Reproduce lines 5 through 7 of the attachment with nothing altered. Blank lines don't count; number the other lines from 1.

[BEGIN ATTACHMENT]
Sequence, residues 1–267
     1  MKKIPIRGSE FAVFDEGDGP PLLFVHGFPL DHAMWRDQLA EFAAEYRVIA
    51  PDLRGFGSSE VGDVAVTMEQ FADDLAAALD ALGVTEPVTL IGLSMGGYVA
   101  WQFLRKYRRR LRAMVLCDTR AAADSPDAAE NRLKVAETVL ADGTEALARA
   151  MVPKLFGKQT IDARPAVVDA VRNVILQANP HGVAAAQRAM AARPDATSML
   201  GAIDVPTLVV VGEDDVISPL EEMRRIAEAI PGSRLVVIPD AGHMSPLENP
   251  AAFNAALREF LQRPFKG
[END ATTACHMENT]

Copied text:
   151  MVPKLFGKQT IDARPAVVDA VRNVILQANP HGVAAAQRAM AARPDATSML
   201  GAIDVPTLVV VGEDDVISPL EEMRRIAEAI PGSRLVVIPD AGHMSPLENP
   251  AAFNAALREF LQRPFKG